First, a disclaimer about the perceived profligacy of a three day stock: this was accidental, as I am a busy and unorganised soul. On Tuesday when I decided to make beef stock from the forerib bones and scraps of beef left from Sunday?s lunch, I didn?t imagine it would be a half-week affair. I started making stock, turned it off when I had to nip to the shops, forgot about it, reignited it the next day, and so on. And then, rather than use up the gas cooking it long and slow on the hob, I simply slung it on the bottom shelf of the oven and let it live there while I cooked other things. A loaf of bread? Great, another hour of stock cooking. Roasting sausages for the kids for a journey? Boom, another 40 minutes. And so on, and so forth, until impatience got the better of me and I stopped.
I started to panic that it may all end in Death By Stock. I was fairly confident about my constitution, given that I was brought up on Avgolemono soup made from the carcass of a Sunday roast chicken and a few fistfuls of rice, left on the back of the cooker for days on end as we helped ourselves, adding a jug of water here and there to break up the sticky rice mass that formed overnight. If eggs and rice and chicken at room temperature didn?t do me in in my formative years, a stock boiled to within an inch of its life could fancy its chances.
And to cut a long story short, Three Day Beef Stock was a resounding success. Soft, silky, milky, saline, meaty, an indescribable creamy consistency that those of you familiar with proper ramen bars will know why some of us obsess over them. Friends scorned me: ?there will come a point where that stock won?t get any better?, they said. ?Those carrots and bones can only give so much?, they said. Well, when I reluctantly finally strained and bottled it late last night, it was with the feeling I could have gone all week?
Those of you who balk at the thought of leaving a pot of meat and veg hanging around in the warmer months of Spring, or don?t use your oven as much as a house with two professional food writers might, can cook it as long or as little as you like. If you have a slow cooker, which apparently uses less energy than a lightbulb, fling everything in for 10 hours and see what happens ? but I?m convinced part of the magic is the gelatinous jelly layer that forms as it cools, that I melted down again, and again, and again. There are no hard and fast rules here. Just, folks, boil your bones. And boil them some more. And some more. Things can only get better.
Three Day Stock (made 6 x 250ml servings at 12p each ? granted this doesn?t include the bones, which were leftovers, and the cooking time, which would be impossible to calculate for every kind of energy tarriff, so I hope you take it in the spirit it?s meant?):
Bones (I used beef forerib but any bones will do ? for cheap options try pork rib bones or chicken wing bones)
1 large onion (mine was a 210g whopper), 11p
2 or 3 carrots (200g), 10p
2 stalks of celery (40g, optional, don?t worry if it?s not something you have kicking about), 7p
6 fat cloves of garlic, 11p
a fistful of parsley (5g-ish, I keep the stalks in a freezer bag and use them for stock), 14p
2 bay leaves (optional but delicious), 16p
a few generous pinches of salt, <1p
a good pinch of pepper, <1p
Roughly chop all of your veg without peeling it, and toss into the pan. I don?t bother to peel my garlic cloves for stock, and Nigella once commented that she doesn?t peel her onions either, so if you?re slightly lazy sometimes, this is where to get away with it all. Add your bones and cover with water, and then a few inches more.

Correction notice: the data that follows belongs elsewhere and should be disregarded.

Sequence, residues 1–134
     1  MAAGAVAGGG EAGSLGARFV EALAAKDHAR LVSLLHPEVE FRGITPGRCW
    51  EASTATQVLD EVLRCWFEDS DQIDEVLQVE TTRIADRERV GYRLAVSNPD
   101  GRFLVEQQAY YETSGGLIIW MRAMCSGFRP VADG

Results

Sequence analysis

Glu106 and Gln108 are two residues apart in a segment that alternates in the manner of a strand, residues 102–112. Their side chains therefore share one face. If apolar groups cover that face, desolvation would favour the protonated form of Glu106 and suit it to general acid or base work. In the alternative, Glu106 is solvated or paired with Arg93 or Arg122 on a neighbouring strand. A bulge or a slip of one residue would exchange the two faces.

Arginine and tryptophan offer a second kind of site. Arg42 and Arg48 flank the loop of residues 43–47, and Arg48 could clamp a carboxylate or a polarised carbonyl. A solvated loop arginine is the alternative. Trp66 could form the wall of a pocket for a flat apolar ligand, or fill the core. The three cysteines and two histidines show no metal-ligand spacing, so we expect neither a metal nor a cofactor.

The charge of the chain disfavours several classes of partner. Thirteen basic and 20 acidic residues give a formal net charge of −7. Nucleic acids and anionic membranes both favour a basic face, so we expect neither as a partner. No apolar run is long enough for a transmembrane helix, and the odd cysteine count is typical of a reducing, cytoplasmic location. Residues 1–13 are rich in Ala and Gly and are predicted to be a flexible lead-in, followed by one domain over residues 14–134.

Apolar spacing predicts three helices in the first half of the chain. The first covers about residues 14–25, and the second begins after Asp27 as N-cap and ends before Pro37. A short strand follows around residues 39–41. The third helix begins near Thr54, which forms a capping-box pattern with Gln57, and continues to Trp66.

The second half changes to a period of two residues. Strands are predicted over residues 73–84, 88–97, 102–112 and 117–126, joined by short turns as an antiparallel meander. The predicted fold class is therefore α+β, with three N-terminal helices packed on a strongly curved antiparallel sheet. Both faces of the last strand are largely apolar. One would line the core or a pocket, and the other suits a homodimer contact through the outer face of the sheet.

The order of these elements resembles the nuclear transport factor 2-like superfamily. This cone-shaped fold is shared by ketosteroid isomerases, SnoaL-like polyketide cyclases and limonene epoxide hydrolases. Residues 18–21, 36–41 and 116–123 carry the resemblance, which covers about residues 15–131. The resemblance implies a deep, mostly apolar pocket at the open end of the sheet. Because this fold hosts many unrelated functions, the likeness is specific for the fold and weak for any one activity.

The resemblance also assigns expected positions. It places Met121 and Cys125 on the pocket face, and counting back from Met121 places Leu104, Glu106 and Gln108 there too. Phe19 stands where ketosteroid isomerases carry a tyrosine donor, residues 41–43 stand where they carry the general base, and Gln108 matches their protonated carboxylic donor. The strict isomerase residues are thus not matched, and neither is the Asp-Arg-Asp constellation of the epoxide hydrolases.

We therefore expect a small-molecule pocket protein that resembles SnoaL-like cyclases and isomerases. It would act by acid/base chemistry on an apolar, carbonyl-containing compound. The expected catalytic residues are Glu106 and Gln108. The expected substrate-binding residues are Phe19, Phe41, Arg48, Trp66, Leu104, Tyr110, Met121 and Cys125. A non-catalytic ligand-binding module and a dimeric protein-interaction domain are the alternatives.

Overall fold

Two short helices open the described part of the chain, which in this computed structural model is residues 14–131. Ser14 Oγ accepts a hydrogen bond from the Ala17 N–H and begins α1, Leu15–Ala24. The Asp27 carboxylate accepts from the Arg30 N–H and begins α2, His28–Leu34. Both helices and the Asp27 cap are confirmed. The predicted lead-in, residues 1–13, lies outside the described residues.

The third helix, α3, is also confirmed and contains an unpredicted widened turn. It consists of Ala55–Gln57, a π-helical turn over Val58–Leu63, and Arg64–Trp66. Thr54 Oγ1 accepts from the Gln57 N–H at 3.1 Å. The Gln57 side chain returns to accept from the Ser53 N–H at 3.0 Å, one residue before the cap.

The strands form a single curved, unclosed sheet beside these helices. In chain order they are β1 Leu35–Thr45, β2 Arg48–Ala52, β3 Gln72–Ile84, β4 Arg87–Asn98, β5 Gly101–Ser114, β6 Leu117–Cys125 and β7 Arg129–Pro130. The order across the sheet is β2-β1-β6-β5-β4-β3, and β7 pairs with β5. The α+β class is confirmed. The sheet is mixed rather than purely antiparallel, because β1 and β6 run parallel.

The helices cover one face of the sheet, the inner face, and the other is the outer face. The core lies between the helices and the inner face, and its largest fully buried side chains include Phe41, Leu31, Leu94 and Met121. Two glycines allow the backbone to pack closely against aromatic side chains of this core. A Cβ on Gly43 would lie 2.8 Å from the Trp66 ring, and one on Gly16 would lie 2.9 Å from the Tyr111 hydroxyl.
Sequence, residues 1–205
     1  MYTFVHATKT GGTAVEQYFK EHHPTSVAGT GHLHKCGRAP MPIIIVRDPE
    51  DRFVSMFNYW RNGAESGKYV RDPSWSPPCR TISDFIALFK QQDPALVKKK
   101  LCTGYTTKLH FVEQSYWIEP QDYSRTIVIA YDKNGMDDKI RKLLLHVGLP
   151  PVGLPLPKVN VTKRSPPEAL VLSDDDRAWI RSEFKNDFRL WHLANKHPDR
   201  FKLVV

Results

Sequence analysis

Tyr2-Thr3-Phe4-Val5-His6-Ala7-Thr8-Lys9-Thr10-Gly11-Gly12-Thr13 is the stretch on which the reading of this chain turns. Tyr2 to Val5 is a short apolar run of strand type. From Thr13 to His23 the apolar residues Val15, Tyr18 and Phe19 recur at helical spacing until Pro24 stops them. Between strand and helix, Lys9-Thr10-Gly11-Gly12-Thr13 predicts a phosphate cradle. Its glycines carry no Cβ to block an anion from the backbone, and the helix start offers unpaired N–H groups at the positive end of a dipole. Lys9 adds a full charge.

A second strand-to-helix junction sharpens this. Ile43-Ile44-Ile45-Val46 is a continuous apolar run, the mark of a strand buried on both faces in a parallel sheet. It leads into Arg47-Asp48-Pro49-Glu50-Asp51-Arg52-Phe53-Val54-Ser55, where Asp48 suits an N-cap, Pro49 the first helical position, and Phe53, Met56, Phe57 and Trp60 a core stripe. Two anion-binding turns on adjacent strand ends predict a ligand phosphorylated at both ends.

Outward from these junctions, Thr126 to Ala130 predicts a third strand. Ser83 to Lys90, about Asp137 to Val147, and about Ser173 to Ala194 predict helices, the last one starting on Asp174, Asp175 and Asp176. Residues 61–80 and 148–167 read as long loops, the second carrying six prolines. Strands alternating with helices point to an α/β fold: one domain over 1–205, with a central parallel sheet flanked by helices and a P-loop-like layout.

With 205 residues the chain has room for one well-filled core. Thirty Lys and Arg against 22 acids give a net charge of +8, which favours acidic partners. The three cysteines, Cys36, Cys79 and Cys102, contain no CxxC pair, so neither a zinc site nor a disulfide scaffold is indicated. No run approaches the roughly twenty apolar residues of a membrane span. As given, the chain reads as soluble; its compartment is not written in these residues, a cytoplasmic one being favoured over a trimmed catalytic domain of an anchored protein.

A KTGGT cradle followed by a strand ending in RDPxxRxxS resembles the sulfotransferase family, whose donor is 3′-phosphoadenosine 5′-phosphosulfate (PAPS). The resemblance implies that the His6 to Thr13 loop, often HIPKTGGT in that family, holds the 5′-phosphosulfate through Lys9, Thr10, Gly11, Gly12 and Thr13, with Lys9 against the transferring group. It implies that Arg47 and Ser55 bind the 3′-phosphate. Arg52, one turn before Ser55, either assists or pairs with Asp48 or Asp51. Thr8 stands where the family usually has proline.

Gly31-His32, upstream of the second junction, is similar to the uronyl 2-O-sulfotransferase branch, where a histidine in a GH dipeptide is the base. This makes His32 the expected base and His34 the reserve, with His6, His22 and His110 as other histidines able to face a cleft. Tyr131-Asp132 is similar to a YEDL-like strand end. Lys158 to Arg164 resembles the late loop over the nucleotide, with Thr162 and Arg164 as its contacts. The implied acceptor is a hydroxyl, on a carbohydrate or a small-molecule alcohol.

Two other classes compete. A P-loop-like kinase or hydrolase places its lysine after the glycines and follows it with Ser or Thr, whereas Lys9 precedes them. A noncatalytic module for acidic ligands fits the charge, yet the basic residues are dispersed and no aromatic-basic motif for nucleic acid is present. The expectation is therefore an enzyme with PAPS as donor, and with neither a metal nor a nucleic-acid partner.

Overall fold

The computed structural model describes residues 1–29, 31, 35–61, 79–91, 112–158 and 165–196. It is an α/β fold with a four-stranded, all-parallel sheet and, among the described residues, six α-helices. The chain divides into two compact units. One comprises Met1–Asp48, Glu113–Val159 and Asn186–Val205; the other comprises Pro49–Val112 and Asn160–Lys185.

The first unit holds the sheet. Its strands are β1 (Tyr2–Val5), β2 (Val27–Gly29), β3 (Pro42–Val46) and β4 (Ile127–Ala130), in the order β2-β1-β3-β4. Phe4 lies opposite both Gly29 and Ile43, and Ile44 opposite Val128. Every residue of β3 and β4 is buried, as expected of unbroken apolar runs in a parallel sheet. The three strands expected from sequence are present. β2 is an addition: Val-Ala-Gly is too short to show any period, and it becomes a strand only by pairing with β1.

Bring to the boil and boil vigorously for 10 minutes, then reduce to a simmer. Simmer for at least an hour, adding more water if required, then remove from the heat. Cover with a lid, large plate or foil to retain as much heat as possible, and allow to cool completely.
Leave in a cold place overnight ? I popped mine on my front doorstep. Nobody has ever stolen a pan from my doorstep, and there have been quite a few left out there over the years. Not even the foxes.
The next day, pop it back on the heat and bring to the boil again to bring it back up to temperature and banish any nasties. Either simmer for another hour, or throw it in the bottom of your oven if you?re planning to use your oven for anything else (make sure your pan doesn?t have a plastic handle or it might not have a handle at all by the end of it).
Repeat these steps for the next few days, two or three, always bringing it back to a vigorous boil first, and adding extra water when required. If it tastes weak, add more salt. Stock needs a terrifying amount of salt. You?ll be fine ? you?re not going to drink it all at once anyway. Then strain into another pan, pour into jars, allow to cool, and enjoy. I made 2 litres in 4 jars and bottles, one for the fridge and three for the freezer?
Tips: If you have a large pot of anything boiling on the back of your hob, like stock, balance a sieve over the top and use it as a steamer ? you might as well, seeing it?s emitting a world of delicious steam over there. Use it to steam greens, broccoli, kale, any veg you like. If you don?t have a sieve, fashion one from tin foil with some small holes stabbed in it. Wrap a couple of layers of tin foil around the bottom of a bowl and scrunch it tightly to form the base shape, and make some holes with the tip of a sharp knife. Balance it on top of your pot, and voila. A temporary steamer.
Bones leftover from Sunday roast. Basics onions 80p/1.5kg. Basics carrots 75p/1.5kg. Celery 80p/450g. Basics garlic bulbs 35p/2. Fresh parsley 80p/28g. Bay leaves 80p/10. Basics table salt 25p/750g. Basics black pepper 40p/25g.
Jack Monroe. I?m on Twitter & Instagram @MsJackMonroe